Pittsburgh Symphony Orchestra with Renée Fleming
Going to see a singer as well known and regarded as Renée Fleming perform with the Pittsburgh Symphony Orchestra (PSO) is really a once in a lifetime opportunity. But seeing the “Now is the Time Gala” with a group made up entirely of vocal performance majors guarantees that all their thoughts and opinions on the performance will be shared with me upon leaving Heinz Hall. The overall consensus was that Renée Fleming gave a great performance.
The concert began with the PSO performing a piece by Tchaikovsky “Polonaise from Eugene Onegin.” They then performed “Ring Shout” by Carlos Simon and “Suite No. 2 from Spartacus” by Aram Khachaturian. The PSO sounded as incredible as they always do. I really enjoyed the piece “Ring Shout,” which was a movement from the larger suite “Four Black American Dances.” The piece was very fun and lively. The concert was conducted by Manfred Honeck, who, when introducing the pieces, included some fun commentary that was well received by the audience.
After the PSO opened the concert, Renée Fleming came out to perform. Her silky soprano voice rang out through the hall without any amplification whatsoever. She began by performing “Io Son L'umile Ancella” by Francesco Cilea. I’m not much of an opera expert, but the friends I was with are, and I swear not one of them took a breath the entire time she was singing. When Fleming sang that final note, the applause was deafening and lasted a full minute. Then she performed the songs “Musette Svaria Sulla Bocca Viva” by Ruggero Leoncavallo and “O Mio Babbino Caro” by Giacomo Puccini, the latter of which I had actually heard before. Once again breaths were held, hands were clapped, and Fleming was jaw-dropping.
Fleming left the stage and the PSO performed a piece by Gloria Isabel Ramos Triano called “Amazon.” This piece was beautiful, but I did feel like the audience was just eager for Renée to come back onstage. Which, followed by a quick costume change, she did. Fleming floated on to the stage wearing a glittery orange dress which made the vocal performance majors I was sitting with loudly gasp. This next section of the concert was more musical theater music than opera. She performed a song by John Kander called “Letter from Sullivan Ballou” about a soldier who sent a letter to his wife from war only to die before she even received the letter. This song nearly moved the entire audience to tears. Once again, you could feel the audience let out a collective breath once she finished singing.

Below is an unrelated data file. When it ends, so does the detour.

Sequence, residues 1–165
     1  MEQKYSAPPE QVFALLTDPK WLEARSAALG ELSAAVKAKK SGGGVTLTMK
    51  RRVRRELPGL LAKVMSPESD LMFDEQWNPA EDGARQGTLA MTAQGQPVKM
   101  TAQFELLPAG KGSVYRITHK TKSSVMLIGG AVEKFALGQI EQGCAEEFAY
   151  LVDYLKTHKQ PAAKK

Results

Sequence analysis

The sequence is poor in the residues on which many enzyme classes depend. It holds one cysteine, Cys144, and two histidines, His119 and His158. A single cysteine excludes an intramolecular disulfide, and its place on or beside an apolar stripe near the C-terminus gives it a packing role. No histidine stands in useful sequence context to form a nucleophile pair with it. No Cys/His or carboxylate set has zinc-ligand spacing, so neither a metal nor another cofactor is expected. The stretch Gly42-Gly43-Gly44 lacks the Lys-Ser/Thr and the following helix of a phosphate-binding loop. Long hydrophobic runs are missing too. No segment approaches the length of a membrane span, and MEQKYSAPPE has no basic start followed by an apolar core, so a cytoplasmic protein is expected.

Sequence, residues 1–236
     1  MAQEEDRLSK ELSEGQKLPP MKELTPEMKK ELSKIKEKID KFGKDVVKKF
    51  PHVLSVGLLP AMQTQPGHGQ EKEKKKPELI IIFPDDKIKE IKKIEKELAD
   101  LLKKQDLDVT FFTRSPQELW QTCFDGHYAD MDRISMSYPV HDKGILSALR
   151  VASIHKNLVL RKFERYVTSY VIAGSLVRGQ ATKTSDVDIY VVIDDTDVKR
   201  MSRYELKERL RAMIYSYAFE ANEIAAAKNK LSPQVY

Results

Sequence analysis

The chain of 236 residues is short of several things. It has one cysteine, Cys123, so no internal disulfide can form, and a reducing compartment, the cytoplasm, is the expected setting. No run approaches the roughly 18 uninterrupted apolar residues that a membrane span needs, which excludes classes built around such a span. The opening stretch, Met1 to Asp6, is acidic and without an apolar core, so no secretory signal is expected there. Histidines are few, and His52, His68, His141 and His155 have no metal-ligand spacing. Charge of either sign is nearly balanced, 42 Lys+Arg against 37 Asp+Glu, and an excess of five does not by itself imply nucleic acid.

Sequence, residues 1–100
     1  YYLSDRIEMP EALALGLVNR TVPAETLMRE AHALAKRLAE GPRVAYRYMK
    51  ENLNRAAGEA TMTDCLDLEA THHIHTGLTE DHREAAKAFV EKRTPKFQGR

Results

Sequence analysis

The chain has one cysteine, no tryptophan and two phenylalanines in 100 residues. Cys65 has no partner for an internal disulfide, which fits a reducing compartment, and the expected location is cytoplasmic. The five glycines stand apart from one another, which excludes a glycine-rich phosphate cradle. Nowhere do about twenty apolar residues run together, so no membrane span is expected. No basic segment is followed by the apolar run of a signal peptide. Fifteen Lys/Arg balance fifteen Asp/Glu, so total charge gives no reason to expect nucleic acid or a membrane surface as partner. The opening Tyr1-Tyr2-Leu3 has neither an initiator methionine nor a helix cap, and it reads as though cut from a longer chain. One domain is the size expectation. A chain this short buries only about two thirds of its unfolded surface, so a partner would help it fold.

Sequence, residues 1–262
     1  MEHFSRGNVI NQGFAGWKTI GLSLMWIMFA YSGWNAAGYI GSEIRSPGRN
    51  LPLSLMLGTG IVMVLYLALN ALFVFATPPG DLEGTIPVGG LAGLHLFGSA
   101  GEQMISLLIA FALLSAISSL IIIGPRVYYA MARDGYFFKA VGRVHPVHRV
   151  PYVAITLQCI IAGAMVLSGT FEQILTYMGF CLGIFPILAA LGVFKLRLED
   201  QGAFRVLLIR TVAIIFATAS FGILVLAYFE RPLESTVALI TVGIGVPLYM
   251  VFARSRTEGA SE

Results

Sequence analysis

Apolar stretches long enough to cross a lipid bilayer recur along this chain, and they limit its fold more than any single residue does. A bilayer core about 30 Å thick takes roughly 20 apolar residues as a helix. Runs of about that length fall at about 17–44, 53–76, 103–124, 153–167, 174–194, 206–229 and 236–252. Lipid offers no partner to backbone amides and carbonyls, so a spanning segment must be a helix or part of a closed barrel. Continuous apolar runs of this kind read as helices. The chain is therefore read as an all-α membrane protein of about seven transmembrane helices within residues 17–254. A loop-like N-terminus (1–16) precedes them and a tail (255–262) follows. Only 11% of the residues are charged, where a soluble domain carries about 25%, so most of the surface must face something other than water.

Next, the PSO performed a piece again. While this piece was very nice, after the emotional story that Fleming told while singing “Letter from Sullivan Ballou,” it was a little jarring. The audience went from this state of contemplation to suddenly having to groove to a conga. Don’t get me wrong — “Conga del Fuego Nuevo” was a really fun piece, I just think the placement of it was probably not ideal.
Once Fleming returned to the stage she performed “Till There Was You” from the Music Man by Meredith Wilson. Of course, she absolutely killed this song. Next she performed the song that I was the most excited for: “The Diva” by Andrew Lippa, one of my favorite composers. Lippa wrote this piece as a duet for Fleming and Vanessa Williams to perform in the Opera House at Kennedy Center in Washington D.C. Fleming loved the song so much that she asked Lippa if he could make it a solo so she could perform it at other events. The song is literally about Renée Fleming. It’s about divas and how divas are just regular people. This was probably my favorite song in the concert just because of how fun and different it was. Lastly, Renée Fleming performed the song “You’ll Never Walk Alone” from Carousel by Richard Rogers. Of course, she absolutely nailed this song as well; I got literal goosebumps all over my arms. Once she finished singing, she got a standing ovation that lasted a solid five minutes. Everyone was out of their seats and Fleming left the stage and then came back on at least three times because the applause didn’t cease.
I have to say that I have no regrets spending the evening watching this performance. The PSO was great, Fleming was great, I honestly have no complaints. It was amazing being able to see such a talented performer live. So if you ever get the chance to go see Renée Fleming or the PSO, I highly recommend taking advantage of it.